Much of onboarding is just common sense. There's very little you'll have to do to manage the process of going into a new job or role that you don't know how to do. The issue is how much of it you have to do and how little time you have to do it right. People form impressions of others in a blink. It's not right. It's not fair. But it is what happens.
This is why it's so important to make sure you have the leverage you need to be successful. Think in terms of mentors, coaches and transition accelerators.
When King Odysseus left Ithaca to fight the Trojan War, he entrusted the care of his kingdom and his son to Mentor. In a business context, a mentor is a more experienced individual who guides an executive’s development. Mentoring is the right choice when the only thing you need is on-the-job knowledge sharing and help navigating relationships.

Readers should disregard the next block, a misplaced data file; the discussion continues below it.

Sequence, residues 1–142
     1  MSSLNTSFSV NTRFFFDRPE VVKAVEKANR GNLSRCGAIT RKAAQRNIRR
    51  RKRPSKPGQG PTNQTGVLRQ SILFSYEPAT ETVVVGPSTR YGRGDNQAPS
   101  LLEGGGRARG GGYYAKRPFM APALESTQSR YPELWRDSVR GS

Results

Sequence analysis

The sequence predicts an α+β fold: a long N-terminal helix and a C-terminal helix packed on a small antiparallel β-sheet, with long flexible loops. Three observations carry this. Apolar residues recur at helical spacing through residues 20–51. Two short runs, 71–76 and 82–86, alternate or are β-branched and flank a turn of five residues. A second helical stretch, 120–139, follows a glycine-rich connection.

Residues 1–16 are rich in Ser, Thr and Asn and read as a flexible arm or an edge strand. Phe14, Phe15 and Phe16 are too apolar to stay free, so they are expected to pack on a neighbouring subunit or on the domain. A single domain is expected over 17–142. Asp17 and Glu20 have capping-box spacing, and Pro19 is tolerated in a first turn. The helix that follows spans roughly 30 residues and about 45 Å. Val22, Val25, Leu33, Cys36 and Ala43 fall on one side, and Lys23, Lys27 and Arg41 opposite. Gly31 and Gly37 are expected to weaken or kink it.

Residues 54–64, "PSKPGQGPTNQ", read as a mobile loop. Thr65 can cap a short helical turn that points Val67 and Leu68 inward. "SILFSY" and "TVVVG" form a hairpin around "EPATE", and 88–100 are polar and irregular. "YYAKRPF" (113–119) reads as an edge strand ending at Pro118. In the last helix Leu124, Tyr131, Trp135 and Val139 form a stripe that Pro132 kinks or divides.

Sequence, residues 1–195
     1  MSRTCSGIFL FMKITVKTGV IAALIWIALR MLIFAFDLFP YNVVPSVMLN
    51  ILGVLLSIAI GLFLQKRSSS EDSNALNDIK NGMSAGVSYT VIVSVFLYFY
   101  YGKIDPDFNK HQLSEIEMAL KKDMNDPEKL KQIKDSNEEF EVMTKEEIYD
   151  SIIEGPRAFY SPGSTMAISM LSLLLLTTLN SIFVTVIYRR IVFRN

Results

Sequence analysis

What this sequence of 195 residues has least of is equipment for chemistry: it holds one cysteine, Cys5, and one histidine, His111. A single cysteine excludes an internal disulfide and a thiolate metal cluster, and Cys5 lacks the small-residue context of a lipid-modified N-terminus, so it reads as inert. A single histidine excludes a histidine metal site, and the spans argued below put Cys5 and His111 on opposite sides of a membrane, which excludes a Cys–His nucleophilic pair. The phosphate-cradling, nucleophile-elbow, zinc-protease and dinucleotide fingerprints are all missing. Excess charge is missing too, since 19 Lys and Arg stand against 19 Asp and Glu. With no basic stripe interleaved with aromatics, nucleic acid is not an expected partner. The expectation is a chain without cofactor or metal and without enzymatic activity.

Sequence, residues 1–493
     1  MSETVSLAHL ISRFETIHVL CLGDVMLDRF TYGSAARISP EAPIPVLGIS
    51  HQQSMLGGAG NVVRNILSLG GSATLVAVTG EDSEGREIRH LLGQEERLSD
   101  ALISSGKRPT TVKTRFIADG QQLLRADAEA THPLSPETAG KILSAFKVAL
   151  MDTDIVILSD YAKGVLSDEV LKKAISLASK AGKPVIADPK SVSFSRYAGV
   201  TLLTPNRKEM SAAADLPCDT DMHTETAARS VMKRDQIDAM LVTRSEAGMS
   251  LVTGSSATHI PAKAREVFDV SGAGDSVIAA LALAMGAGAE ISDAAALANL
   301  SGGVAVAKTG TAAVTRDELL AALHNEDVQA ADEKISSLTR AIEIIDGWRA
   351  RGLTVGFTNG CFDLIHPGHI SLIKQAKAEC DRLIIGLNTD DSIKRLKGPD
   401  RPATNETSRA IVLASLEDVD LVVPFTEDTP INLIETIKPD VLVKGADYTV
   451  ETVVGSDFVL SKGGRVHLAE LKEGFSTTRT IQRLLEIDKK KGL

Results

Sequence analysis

Coaching is behind the scenes leadership development. It is a way to support high-performers one-on-one through challenging organizational changes or other transitions. If you need extra help, you may need a coach.
In complex situations where hands-on operationally experienced help is necessary to help an executive quickly adjust to shifts in role, culture or strategy, transition acceleration is the right help.
Here's an analogy. Professional golfers have coaches and caddies. The coaches are behind the scenes advisors between tournaments. The caddies, like harbor pilots and mountain climbing Sherpas, advise and counsel, but their real value is in their tangible contributions on the field of play. Where mentors and coaches work with individual executives, transition accelerators engage the full business team. So a transition accelerator will give you the most leverage for the most tricky situations.
[excerpted and adapted from Onboarding (Bradt and Vonnegut – Wiley, 2009)